The short answer is: No, not only do you not need to have an error handler in each procedure, but in fact you would usually not want an error handler in each procedure.
You will want to do the error handling where it makes most sense to do it. Often, you would only want an error handler in the highest-level procedure, i.e. the one that calls all the others; lower-level procedures should kick the problem upstairs and let errors "bubble up" to the higher-level procedure. Sometimes you will want some error handling in lower-level procedures.
For more, I refer you to these two excellent answers by @jtolle:
Also, an internet search will reveal that there is a whole literature on the web about error handling. Some of it is quite wrong, in my opinion! But if it sticks to what I wrote in the first two paragraphs, then it's worth considering.
Exit Sub and
End Sub are fairly intuitive: the former stops execution of the current Sub and returns control to the procedure that called it (or stops execution entirely if the procedure was not called by another procedure). The latter is just a indication to the compiler that this where the code for this particular Sub ends -- and if executed,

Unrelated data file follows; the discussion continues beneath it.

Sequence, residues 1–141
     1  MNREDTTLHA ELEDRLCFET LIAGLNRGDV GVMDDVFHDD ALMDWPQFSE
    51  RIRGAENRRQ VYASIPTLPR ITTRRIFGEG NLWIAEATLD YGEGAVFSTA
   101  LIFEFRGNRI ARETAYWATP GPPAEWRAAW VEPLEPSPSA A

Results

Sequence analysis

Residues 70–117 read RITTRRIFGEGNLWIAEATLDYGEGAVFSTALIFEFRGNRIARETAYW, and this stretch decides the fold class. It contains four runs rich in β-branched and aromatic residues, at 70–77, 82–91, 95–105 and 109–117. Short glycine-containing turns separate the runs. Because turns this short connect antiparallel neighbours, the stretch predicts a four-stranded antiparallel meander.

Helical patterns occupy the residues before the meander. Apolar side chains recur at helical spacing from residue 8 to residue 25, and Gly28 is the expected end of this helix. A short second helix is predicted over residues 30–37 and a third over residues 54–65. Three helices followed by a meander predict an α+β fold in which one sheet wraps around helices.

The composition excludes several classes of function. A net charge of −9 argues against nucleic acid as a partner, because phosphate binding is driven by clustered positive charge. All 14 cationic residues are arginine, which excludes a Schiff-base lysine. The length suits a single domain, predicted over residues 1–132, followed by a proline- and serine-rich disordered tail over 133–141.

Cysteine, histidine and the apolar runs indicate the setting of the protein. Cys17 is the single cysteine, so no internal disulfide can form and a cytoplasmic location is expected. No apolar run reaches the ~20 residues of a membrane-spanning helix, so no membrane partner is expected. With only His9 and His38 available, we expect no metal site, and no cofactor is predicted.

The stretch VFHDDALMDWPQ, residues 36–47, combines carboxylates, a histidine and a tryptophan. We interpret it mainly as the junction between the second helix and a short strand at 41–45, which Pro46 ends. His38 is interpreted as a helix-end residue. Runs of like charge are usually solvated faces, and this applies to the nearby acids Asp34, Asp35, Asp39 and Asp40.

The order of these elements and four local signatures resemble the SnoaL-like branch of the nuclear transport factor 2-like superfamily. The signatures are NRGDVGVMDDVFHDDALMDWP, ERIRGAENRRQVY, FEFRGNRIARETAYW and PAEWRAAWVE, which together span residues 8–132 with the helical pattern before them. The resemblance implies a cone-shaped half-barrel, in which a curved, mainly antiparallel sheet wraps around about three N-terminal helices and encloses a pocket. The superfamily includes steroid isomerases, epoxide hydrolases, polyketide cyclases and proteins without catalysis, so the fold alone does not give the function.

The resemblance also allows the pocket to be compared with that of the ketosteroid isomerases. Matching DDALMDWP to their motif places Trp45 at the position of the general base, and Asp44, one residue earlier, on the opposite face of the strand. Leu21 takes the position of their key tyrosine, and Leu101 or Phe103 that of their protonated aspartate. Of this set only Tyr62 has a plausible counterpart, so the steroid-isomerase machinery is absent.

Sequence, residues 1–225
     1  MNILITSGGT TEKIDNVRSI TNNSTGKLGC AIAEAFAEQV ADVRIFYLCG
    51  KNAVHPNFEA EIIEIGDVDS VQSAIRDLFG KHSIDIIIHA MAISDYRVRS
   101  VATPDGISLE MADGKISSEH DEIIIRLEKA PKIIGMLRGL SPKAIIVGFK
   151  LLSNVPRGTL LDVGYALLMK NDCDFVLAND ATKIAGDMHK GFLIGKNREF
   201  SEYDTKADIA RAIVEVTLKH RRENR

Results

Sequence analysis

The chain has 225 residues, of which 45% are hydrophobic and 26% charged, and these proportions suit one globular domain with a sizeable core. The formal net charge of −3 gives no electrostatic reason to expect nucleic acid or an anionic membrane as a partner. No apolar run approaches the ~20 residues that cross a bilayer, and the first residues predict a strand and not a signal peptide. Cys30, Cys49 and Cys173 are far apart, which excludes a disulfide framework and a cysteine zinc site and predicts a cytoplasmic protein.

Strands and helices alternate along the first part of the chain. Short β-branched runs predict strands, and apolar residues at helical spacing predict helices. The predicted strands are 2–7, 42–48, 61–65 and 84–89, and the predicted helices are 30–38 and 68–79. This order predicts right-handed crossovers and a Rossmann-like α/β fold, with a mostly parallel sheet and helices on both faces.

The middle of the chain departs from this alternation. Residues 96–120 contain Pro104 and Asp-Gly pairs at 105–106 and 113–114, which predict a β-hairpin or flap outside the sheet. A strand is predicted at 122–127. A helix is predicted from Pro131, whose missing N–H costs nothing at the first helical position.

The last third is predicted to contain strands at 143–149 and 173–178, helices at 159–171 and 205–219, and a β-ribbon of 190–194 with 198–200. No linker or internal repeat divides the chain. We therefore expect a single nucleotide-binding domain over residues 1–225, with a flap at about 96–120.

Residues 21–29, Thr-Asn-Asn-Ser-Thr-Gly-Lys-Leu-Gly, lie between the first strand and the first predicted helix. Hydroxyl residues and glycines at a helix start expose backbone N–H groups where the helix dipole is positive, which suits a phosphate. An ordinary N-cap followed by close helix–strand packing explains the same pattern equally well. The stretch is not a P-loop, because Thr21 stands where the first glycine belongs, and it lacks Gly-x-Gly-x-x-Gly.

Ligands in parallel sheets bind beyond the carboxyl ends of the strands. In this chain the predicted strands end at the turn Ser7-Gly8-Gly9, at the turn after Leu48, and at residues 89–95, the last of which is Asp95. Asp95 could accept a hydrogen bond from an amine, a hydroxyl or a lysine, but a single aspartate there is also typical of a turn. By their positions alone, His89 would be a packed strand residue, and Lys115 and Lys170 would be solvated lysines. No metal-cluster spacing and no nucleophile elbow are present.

End Sub behaves like
Resume specifies what should happen next, after an error-handling routine is finished. Plain
Resume returns to the same statement that caused the error and tries to execute it again.
Resume Next skips the statement that caused the error, and instead goes to the statement immediately following it.
Resume mylabel goes to label
If a label such as your
ProcError: is encoutered in the course of execution, then nothing special happens, and execution moves on to the next statement after the label. Of course in your example,
ProcError: will never get executed directly (i.e. not unless an error is raised) because there's an
Exit Sub just before it.
By the way, the
ProcExit: block should probably start with an
On Error Resume Next (i.e. keep on closing everything and exiting regardless of any errors) or alternatively, as pointed out by @Phydaux, an
On Error Goto 0 (on error, stop execution), otherwise if something in there triggers an error, you may get into an infinite ping-pong loop between the error handler and the
On Error Resume Next ' or, alternatively, On Error Goto 0
Connection = Nothing